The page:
“I think actually the number of trips that we’re going to be able to provide up here is going to be far greater than we have in the past. This year, our title as CTC is up for review by you and the Local Coordinating Board which you sit on. We hope you approve us so we can continue doing what we’re doing,” Mr. Mandel concluded, saying he would take questions.
Commissioner Darrell Harris queried what Good Wheels’ budget is and how much of it goes to administrative costs, and Mr. Mandel told him it’s about $5.6 million for the three counties, with 4 percent going for administration, “very low.”
Commissioner Michael Swindle said: “You touched on some of the other serious concerns I have about your organization. ‘Not accurate’ and ‘inefficient’ were the words I heard you say. And I’ve been getting blistered by folks who are being forgotten, being rudely treated. That’s not the way we want to treat our Hendry County residents. I need you to make me feel comfortable that that’s going to come to an end, and you’re going to do better.”
Commissioner Emma Byrd, a member of the Transportation Disadvantaged Board, interjected that those complaints had been brought up at recent meetings and Mr. Mandel had instituted training and also hired different staff to address them. She added: “I was really hard on him because they weren’t picking up the people. I told him, ‘You make us look bad because we assign people to the run but there’s nobody there to pick them up.’”
Mr. Mandel answered: “I really think the amount of trips that we’re being asked to do far exceeds what people can schedule by hand. That’s why this equipment that we’ve been given a grant for will help tremendously. Unfortunately, we still have two drivers who are on medical leave up here, and we haven’t been able to hire anybody.” He said finding people who can pass Level 2 background checks has been very difficult and asked for help with that, noting that not all Good Wheels’ drivers must have commercial drivers’ licenses.
Commissioner Karson Turner noted that Hendry provides about $45,000 a year to Good Wheels, “about a dollar for every constituent,” and questioned Lee County’s contribution, saying that he wanted to see a report detailing how many Hendry/Glades trips are provided. He added, “I do share my colleagues’ concerns with us getting hammered for what the level of service is,” and said he sees too many nearly empty buses. “I struggle with seeing the lack of volume on a bus and getting beat up time and time again over the system and not having an answer for people.”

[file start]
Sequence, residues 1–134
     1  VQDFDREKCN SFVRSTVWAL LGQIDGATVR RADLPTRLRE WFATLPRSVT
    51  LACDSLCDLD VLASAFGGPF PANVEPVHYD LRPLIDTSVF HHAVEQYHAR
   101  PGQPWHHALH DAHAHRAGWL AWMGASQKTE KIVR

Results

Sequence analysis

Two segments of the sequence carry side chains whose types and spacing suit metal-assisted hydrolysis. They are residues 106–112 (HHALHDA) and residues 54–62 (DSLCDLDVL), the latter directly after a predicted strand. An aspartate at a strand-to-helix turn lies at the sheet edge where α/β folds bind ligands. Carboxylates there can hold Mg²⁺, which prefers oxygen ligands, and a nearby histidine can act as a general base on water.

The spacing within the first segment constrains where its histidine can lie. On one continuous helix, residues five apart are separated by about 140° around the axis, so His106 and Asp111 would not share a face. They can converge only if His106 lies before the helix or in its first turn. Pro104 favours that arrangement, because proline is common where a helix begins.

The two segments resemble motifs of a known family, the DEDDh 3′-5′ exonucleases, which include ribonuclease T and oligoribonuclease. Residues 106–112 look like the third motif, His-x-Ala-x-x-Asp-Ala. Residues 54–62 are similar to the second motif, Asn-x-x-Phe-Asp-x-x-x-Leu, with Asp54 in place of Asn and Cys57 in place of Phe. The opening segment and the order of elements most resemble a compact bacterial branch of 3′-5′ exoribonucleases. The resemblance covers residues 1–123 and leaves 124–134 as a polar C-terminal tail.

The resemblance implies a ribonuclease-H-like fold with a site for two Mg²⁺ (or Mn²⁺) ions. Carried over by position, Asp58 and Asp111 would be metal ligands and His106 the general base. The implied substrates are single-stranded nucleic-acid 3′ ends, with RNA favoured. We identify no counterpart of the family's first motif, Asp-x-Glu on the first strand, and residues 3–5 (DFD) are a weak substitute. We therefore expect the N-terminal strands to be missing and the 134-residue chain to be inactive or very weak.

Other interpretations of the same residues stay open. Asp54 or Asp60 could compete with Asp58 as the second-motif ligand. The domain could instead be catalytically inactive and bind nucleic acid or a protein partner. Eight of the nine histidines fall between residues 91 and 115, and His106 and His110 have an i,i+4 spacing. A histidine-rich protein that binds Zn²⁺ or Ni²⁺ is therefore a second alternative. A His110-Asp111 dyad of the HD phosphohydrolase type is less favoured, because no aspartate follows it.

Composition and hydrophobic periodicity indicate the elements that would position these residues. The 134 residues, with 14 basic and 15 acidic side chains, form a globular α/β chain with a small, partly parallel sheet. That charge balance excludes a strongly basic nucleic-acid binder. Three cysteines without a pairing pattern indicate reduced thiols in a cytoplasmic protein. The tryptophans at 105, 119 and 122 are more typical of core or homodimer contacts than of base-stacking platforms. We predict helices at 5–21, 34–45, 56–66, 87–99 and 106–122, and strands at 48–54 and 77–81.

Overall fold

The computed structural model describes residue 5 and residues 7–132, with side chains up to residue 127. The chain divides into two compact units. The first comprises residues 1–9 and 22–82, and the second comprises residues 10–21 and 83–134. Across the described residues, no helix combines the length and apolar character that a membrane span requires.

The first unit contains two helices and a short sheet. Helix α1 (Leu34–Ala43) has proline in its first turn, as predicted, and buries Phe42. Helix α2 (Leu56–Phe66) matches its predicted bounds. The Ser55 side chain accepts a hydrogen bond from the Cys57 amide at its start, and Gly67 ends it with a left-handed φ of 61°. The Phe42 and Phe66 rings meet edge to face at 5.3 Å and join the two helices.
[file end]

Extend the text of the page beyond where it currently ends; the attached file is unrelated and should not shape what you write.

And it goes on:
Mr. Mandel replied: “Part of that is that we’re required to take people at specific times, and it depends how many people who live near each other can be picked up at the same time in order to get them somewhere else at a specific time — that’s the tough part. Remember, part of the expense involved in that is that many of the people who we take to medical appointments are going from wherever they live in LaBelle or Clewiston to maybe Palm Beach, Lee County or Sarasota. And that’s why there aren’t that many on a bus sometimes. Sometimes we have to go all the way down to Miami, or up to Tampa.”
He also explained that the company uses vans in addition to buses and that altered Medicaid rules have made the situation “extremely complicated, but that’s what the system is, and we’re working within it.” Mr. Mandel added that he would continue to work hard on improving operations and customer service.
New Board Chairman Mitchell Wills ended the discussion by saying: “Most of my colleagues’ comments up here, I agree with 100 percent. We need to get more efficient. Hopefully the program that you have coming into place is going to be more efficient. The software ... sounds amazing.
“We need to really look into that as Commissioner Turner said, so maybe you can get us a spreadsheet on that and show us exactly what’s going on here,” Chairman Wills concluded, thanking Mr. Mandel for his presentation.